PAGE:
Saturday, 15 January 2011

Pea Soup Made with Blue-Pod Capucijner Peas

Blue-Pod Capucijner Soup
Well, no recipe here, this is more of a varietal report, but I thought I would comment about this dish of pea soup. Yes, that really is pea soup.

We grew the peas in our garden this summer. They were Blue Pod Capucijner peas, which have become readily available from seed companies in the last few years. Thanks to the fact that the deer got in and ate half the plants when they were half-grown, we did not get a bumper harvest of peas - just enough to make one fairly small pot of soup. However, in general these are supposed to have a very good yield.

The peas have a romantic history - they were grown by by Capuchin monks in Flandres and Holland as early as the 1500's - and they are attractive plants with pink blossoms and purple-flushed pods. When dry, the peas are oddly shaped, wrinkled and a dull but strong brownish colour. Similar strains of peas were, and still are, found throughout northern Europe. They are still popular in Dutch cooking, although I have never seen them for sale here: if you want them, you will have to grow your own. The Dutch cook them with bacon and onions, and serve them with pickles.

Growing the peas was quite straightforward; we planted them perhaps a little later than our other peas since there was no rush to get them in, as we wanted them dry. On the other hand, they can go in with the other peas. Like them they will be very cold-tolerant, and if you get them finished soon enough you could plant some lettuce or spinach after them. They grew all season, and apart from the unfortunate incident with the deer were a simple and troublefree crop to grow. Shelling them was a bit tedious but again, quite easy.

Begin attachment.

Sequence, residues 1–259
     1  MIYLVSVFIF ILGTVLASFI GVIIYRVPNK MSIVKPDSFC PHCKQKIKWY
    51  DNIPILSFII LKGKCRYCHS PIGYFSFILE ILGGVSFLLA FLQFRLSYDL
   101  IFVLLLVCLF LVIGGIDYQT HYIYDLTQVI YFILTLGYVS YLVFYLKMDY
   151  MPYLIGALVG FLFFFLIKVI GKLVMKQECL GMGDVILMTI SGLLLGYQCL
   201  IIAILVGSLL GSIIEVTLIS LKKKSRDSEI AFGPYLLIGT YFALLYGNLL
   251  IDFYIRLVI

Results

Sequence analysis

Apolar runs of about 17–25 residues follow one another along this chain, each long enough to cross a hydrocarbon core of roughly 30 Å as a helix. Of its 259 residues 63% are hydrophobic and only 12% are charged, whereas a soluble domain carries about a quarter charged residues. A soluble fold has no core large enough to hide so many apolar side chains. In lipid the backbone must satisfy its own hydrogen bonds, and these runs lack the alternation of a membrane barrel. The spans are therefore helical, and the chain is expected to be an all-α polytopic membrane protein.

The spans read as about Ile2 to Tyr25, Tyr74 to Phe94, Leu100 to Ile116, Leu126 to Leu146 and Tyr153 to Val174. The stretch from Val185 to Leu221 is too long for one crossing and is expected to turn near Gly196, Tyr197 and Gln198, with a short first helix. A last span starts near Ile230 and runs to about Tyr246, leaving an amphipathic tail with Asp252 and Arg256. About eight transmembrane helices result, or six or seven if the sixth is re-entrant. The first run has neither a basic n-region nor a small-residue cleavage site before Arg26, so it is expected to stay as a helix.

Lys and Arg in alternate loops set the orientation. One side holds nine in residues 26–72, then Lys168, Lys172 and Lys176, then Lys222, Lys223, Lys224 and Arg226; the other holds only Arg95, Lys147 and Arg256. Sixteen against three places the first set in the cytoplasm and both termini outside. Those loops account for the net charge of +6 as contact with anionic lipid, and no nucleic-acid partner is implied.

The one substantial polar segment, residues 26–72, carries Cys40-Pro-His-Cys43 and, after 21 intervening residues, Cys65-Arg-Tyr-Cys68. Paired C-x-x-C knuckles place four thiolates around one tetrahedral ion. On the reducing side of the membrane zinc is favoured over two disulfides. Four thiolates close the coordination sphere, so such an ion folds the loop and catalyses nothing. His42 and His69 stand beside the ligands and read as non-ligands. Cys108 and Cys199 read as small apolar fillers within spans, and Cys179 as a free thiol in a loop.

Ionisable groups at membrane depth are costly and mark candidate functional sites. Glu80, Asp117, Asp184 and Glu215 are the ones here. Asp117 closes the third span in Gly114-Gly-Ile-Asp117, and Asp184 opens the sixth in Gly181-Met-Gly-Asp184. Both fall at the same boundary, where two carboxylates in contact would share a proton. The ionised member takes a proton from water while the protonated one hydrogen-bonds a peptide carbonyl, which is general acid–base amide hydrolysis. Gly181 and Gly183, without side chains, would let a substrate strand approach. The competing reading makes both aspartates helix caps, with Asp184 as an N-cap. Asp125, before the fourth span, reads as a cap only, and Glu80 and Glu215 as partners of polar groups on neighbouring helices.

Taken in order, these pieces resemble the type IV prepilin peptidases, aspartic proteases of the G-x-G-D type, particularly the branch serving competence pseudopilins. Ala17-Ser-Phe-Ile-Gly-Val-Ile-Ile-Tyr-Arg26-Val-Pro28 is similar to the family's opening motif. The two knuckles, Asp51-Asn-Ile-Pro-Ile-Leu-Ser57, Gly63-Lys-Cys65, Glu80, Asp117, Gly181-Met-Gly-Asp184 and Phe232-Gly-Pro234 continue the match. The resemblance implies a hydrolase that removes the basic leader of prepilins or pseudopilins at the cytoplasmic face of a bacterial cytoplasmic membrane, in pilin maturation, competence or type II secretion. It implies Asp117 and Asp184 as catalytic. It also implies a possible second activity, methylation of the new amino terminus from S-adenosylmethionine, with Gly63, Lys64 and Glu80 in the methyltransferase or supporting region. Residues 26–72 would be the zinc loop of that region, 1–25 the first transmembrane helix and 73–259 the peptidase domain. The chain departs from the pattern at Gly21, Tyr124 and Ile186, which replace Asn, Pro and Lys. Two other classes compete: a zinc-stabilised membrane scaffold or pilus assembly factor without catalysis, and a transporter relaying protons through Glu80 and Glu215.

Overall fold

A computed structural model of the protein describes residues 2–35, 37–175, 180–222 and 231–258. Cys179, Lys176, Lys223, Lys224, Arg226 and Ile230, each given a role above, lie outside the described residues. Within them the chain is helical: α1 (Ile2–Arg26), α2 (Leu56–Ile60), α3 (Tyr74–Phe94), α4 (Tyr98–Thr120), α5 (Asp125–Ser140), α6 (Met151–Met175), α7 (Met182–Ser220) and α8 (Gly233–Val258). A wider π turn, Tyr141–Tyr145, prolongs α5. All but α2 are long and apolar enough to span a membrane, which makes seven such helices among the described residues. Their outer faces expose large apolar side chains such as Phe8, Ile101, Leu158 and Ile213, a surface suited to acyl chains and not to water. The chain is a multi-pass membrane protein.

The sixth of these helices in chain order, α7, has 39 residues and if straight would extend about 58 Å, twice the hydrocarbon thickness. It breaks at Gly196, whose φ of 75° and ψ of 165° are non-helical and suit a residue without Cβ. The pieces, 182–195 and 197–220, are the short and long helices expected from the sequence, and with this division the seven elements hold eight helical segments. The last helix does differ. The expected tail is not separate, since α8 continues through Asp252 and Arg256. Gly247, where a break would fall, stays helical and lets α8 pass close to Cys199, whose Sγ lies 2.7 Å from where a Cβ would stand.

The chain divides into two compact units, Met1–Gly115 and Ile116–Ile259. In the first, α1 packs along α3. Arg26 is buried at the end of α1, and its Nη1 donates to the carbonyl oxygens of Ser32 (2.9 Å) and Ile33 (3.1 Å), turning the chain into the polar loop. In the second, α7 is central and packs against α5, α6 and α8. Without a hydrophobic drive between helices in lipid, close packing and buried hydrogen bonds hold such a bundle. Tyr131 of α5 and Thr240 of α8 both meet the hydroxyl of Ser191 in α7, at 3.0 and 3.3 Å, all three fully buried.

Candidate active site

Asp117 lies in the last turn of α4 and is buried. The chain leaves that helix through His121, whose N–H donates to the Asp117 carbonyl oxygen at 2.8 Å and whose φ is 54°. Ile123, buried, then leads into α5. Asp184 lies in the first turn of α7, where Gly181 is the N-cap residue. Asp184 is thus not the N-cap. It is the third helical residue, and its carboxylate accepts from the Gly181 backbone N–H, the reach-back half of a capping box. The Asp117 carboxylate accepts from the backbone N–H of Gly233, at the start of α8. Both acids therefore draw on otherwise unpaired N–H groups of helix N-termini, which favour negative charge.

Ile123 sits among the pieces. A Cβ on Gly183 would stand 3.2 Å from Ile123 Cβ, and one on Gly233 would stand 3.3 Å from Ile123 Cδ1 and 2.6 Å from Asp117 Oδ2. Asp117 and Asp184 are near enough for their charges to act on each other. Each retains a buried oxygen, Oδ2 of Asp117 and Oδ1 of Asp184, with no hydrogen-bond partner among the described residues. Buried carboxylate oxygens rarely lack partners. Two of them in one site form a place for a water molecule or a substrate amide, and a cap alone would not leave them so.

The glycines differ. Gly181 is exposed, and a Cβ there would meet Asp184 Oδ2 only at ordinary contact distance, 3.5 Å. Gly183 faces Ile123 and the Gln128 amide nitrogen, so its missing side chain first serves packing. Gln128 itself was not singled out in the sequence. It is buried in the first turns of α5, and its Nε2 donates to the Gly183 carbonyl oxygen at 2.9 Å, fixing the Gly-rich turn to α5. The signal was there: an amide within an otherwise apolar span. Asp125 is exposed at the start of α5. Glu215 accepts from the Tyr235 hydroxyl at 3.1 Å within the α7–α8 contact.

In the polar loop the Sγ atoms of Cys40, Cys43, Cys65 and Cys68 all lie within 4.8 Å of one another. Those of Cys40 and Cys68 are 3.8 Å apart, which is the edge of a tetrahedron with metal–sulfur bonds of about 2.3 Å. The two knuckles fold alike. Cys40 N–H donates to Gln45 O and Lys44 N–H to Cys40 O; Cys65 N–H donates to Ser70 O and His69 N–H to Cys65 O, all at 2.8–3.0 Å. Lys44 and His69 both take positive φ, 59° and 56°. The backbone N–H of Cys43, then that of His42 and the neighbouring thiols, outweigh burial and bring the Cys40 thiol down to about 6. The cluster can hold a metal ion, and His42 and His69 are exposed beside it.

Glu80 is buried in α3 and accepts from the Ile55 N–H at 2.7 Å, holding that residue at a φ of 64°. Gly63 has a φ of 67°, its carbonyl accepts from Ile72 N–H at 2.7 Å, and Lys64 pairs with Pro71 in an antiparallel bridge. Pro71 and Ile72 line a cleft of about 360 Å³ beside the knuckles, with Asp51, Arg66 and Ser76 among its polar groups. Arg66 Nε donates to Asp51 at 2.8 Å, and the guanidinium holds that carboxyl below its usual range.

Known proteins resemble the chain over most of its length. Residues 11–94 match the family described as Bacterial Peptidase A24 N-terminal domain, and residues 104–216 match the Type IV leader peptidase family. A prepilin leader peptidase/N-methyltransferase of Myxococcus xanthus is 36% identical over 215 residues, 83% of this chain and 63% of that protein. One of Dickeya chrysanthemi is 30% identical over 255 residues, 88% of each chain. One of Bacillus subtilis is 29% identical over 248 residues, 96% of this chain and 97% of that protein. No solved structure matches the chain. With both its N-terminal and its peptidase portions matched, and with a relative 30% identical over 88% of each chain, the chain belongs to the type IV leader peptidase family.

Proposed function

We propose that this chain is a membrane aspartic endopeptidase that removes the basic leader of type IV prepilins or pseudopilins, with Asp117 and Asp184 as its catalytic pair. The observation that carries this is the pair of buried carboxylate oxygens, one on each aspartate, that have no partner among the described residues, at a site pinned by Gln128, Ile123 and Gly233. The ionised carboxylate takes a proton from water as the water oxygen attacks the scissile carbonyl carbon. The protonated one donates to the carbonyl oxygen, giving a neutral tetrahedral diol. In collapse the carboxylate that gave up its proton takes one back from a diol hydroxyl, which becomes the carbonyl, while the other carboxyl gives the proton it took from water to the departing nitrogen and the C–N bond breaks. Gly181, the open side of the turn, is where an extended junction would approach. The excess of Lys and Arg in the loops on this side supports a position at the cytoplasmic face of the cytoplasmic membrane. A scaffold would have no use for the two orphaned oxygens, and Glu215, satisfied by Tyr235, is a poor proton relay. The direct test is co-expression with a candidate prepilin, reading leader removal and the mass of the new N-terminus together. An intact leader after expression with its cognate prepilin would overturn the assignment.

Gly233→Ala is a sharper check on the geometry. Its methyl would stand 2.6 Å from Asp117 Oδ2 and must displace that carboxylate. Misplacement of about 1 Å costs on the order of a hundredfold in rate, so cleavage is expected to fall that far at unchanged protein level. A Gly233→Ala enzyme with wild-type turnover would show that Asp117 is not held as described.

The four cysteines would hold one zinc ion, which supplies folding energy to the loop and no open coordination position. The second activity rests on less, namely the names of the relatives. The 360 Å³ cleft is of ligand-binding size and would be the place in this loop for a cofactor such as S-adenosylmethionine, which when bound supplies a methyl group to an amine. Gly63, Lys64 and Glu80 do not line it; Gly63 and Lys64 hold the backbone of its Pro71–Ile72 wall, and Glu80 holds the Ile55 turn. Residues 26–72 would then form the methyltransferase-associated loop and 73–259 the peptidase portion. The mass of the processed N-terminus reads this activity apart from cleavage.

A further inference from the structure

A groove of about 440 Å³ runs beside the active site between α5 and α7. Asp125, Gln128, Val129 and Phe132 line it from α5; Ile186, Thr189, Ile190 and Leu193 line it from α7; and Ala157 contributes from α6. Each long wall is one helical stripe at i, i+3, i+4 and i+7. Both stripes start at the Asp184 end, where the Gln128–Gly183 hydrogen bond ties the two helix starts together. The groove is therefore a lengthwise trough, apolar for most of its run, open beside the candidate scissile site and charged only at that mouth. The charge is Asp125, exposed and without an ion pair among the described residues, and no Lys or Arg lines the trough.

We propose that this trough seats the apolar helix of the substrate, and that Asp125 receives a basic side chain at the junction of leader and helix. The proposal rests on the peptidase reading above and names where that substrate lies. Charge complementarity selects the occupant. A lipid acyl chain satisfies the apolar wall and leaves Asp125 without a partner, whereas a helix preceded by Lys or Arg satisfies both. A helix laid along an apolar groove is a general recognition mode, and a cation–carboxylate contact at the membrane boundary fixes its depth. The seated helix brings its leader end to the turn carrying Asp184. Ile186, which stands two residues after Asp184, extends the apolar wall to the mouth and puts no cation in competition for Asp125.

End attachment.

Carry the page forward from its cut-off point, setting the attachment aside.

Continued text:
So, how were they?

Well, they were... interesting. They were really not like peas at all, in my opinion. They looked more like little round beans than peas. I started off by cooking them in water (and cooking them, and cooking them) and they cooked much more like beans than peas, that is to say slowly. Once they were cooked they had a bland, mealy texture and rather tough little hides. They were not nearly as sweet as most Canadian strains of soup peas. In other words, they were very bean-like.

At this point I put them into a quart of very lovely ham stock, and cooked them some more. This time I mashed them roughly to break up those tough skins some more. I added carrot, celeriac, onion and leek, all diced and cooked down in a little ham fat to the soup. Seasoning was simple, just a few herbs. The result, I have to say, was far more delicious than I had been expecting from our first taste of the plain cooked peas. Still, that was such good ham stock I think you could have cooked anything in it and gotten good soup.

Would I grow these again? Yes, I think I would. We aren't going to grow them next year though. There are so many other types of peas and beans to try. And while we enjoyed them, I think they were not the ultimate dried soup pea.


CallieK said...

I grew these last year as well with the idea of making purple pee pod jelly. That didn't happen...

We did however eat quite a few of them fresh and I liked them, and they really are pretty so I will likely grow them again this year

CallieK said...

Oh dear- purple pee pod jelly sounds awful- you know I meant pea of course!

Ferdzy said...

Pea pod jelly! Never heard of it! How do you do that?

I can't really remember, but I think we tried them fresh and didn't think they were that exciting, certainly not with the "Dual" peas right next to them. I agree, they were very pretty.

CallieK said...

I saw a recipe for it in an old cookbook. But then I realized it was going to be basically sugar and pectin, coloured blue/purple from the pods but not really any distinct flavour so I opted not to make it.